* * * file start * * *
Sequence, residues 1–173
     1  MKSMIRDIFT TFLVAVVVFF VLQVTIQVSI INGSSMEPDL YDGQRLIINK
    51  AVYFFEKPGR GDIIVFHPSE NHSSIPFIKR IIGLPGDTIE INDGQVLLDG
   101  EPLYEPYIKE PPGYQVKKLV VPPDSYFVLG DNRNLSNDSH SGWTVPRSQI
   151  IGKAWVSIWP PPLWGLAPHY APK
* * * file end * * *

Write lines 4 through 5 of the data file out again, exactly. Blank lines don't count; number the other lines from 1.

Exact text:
   101  EPLYEPYIKE PPGYQVKKLV VPPDSYFVLG DNRNLSNDSH SGWTVPRSQI
   151  IGKAWVSIWP PPLWGLAPHY APK